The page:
April 24, 2022

Trigger warning: Mental Illness

Very recently, I was diagnosed with Attention Deficit Hyperactivity Disorder—first, by a doctor here in Japan and, second, by a psychiatrist based in the Philippines. I’m still in the process of coming to terms with the diagnosis and I’ve been spending a lot of time looking back and trying to recall the ways ADHD has affected my life.

The first time I ever considered the possibility of having ADHD was in my last year of college. Back then I wrote quite regularly on various blogs, and about eleven years ago, I wrote about suspecting I might have the predominantly inattentive presentation of ADHD. I guess I never considered I was showing symptoms of hyperactivity, only to find out over a decade later that I do, in fact, show some level of hyperactivity.

As I’m writing this, I’m shaking my left leg nonstop. I’m also habitually furrowing my brow—a habit that has resulted in unwelcome wrinkles—and blinking heavily. And as I was thinking of what to write next, I found myself fidgeting with my hands. These are minor, though, compared to how ADHD has been affecting my daily life.

I grew up believing I was defective. As a child, I did pretty well in school, but often got in trouble for talking too much. In high school, I still did okay, though my interest in my studies waned, and I spent more time fooling around and being a teenager with my friends. College is where my self-esteem really started to shrink, and this was well-documented in my old blogs.

One important thing I learned about ADHD is how it is often comorbid with other mental illnesses like depression, anxiety, and eating disorders. This revelation was what prompted me to finally get assessed. For so long, I’ve felt as if my brain always worked against my best interests. I knew the right things to do. I knew how to solve my problems. But they persisted. Why?

Neurodivergence. Impaired executive functioning. Dopamine and norepinephrine deficiency.

Do you know how it feels to suddenly have scientific and medical terms to explain the behaviors you’ve been criticized for all your life? How liberating it is to discover that you’re not defective, only different? How it feels to suddenly have hope that there might be a way to turn things around and make changes that would last and that finally—fucking finally—I can stop disappointing the people I love? That I can stop hating myself so much and thinking the world is better off with me gone?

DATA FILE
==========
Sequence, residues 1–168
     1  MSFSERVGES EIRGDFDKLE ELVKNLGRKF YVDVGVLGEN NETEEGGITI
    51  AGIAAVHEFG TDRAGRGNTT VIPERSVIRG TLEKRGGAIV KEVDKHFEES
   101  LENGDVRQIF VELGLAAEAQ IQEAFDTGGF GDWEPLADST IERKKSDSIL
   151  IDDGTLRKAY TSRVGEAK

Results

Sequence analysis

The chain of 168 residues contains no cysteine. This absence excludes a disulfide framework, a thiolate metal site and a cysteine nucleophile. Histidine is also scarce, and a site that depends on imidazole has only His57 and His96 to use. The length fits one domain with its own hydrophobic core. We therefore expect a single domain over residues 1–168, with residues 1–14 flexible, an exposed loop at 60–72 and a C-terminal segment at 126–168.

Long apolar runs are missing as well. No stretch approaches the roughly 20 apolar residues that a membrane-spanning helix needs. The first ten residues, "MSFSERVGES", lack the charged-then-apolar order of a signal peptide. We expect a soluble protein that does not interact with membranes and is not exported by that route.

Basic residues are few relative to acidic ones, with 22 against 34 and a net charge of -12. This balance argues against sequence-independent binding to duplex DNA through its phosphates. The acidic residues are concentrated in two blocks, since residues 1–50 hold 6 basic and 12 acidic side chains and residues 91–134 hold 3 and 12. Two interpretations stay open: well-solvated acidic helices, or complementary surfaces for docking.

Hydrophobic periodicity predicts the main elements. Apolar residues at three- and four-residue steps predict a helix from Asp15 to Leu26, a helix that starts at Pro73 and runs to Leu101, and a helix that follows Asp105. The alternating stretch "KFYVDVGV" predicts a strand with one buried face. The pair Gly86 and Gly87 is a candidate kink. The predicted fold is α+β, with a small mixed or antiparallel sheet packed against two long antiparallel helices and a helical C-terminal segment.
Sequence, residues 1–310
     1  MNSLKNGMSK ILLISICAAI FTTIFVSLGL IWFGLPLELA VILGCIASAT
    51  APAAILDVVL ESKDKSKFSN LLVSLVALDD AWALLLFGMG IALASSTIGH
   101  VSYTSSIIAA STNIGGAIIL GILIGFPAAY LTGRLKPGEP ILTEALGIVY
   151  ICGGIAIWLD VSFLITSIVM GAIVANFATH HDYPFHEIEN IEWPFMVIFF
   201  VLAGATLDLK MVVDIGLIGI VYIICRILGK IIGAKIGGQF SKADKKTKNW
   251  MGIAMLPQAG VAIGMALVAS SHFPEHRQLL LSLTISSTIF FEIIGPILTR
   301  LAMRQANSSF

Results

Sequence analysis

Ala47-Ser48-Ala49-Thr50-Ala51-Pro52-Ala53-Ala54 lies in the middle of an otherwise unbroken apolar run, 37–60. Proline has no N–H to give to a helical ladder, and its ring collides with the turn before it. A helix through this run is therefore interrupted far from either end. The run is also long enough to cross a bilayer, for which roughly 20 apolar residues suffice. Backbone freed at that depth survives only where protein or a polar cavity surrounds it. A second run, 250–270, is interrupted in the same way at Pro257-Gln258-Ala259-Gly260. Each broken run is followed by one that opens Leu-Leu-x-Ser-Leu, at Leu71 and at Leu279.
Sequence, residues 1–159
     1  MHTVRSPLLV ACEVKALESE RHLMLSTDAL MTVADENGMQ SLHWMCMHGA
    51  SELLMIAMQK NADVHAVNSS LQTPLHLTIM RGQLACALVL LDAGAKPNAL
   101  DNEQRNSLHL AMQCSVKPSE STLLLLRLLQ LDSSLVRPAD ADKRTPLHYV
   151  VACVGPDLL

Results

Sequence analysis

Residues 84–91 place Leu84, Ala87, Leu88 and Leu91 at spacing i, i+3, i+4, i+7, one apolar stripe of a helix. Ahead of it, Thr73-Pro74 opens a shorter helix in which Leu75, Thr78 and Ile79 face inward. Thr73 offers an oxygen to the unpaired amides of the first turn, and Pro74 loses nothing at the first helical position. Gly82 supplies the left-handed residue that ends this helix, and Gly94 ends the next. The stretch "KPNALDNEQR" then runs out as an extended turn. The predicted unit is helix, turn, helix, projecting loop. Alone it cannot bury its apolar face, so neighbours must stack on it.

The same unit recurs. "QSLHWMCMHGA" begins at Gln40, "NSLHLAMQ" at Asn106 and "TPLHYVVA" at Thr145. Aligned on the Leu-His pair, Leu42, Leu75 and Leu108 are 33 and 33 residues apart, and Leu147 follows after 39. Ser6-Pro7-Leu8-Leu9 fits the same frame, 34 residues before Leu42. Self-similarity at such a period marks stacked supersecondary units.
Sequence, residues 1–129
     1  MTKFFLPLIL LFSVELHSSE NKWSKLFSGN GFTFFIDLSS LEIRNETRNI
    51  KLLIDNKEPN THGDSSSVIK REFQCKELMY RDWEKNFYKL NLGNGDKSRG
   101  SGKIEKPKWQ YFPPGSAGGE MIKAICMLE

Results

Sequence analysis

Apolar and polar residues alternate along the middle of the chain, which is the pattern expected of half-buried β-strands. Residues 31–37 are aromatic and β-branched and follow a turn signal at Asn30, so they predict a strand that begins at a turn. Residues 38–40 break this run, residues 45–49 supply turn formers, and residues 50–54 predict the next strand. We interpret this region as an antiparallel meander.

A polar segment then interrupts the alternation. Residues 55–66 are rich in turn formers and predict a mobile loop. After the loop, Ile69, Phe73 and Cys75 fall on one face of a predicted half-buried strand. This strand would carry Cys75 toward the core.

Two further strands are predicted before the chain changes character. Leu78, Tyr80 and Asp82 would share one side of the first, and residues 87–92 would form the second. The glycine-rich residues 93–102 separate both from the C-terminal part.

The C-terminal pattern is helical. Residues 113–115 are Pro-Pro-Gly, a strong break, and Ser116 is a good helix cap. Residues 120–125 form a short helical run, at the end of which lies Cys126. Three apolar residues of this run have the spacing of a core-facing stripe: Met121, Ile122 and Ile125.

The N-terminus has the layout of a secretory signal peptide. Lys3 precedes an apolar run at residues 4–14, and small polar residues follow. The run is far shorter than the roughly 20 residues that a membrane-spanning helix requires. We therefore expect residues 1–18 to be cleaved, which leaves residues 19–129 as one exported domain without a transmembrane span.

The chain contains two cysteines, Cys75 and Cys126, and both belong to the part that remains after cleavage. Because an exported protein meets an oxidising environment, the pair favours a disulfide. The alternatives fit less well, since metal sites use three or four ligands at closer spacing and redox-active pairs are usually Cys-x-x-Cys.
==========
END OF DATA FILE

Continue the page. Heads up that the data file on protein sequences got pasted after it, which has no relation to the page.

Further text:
My psychiatrist in the Philippines suggested I find a doctor here and get treated for ADHD. Unfortunately, my experience with the first doctor I went to wasn’t very good (I was assessed only through questionnaires and was immediately diagnosed with depression and ADHD. We probably only spoke for fifteen minutes or so), so I searched for another English speaking psychiatrist and found one with a clinic in Shin Osaka. They’re fully booked until mid-May, however, so I have no choice but to wait until then for my first appointment.

I was also advised to start therapy to help not only with ADHD, but also with depression, anxiety, and disordered eating. As my doctor said: there are too many issues. LOL. I’ve been wanting to start therapy for years; I just couldn’t afford it. But since online therapy is more prevalent now, I have choices beyond fucking BetterHelp (it’s really not better help ugh). Last Friday, I had an initial consultation with a center back home, and they said I’ll find out this coming week who my therapist is going to be. It’s still expensive, but at least it’s more affordable than therapy here in Japan (20,000 JPY per hour!!!).

There’s still so much I want to talk about, but it’s late and I’m having trouble putting my jumbled thoughts into words, so I guess I’ll end this here.

I Hardly Ever Write Anymore

April 1, 2022

I thought I’d find the time to pick up a pen or, more realistically, the folding plastic keyboard I got off Amazon for my iPad since the Magic Keyboard costs too much—

But, no, the time to write was never found. Or perhaps I simply ignored it when it did arrive at my doorstep. Maybe it rang the bell but got ignored like an NHK fee collector.

すみません。日本語喋られません, I say. I don’t speak Japanese: a half truth.

When I do try, a blank page stares at me with its unseen eyes, intense and intimidating. So does an audience that exists merely in my head, criticizing each poor lexical choice I make, picking apart my sentences and finding nothing worthy of note.

Writing used to be my solace and my pride, only to realize later on that this pride was rooted not in ingenuity but in ignorance. Where do you go when the very place you ran to for comfort has transformed into the source of your shame?

You can hide behind new names, but you can’t hide from yourself.

Is there anything more impossible a task than having to silence the voices in your own head whose incessant chatter only consists of your frailties and failures?

And yet I hear my own voice mouthing words of encouragement to the children I hope to convince into loving the art of the written word, a few of them reminding me of my own youth, of how thrilling it was to discover, at age ten, that I could fabricate a world where I was god, that I could paint a picture in somebody else’s imagination with words alone.

Words that—when strung together like pristine pearls—could sound like a song that could move one to tears.

But for years, I could not sing. I hardly ever write anymore.

Not even when my mind is restless, or when emotions are high. Instead I turn to screens, to sweets, to shopping carts. Anything that is easier than having to stare down my own insecurity.

But this morning, I thought I’d tell myself the very words I often find myself telling my students these days: I want you to try. Perhaps all life is, is trying.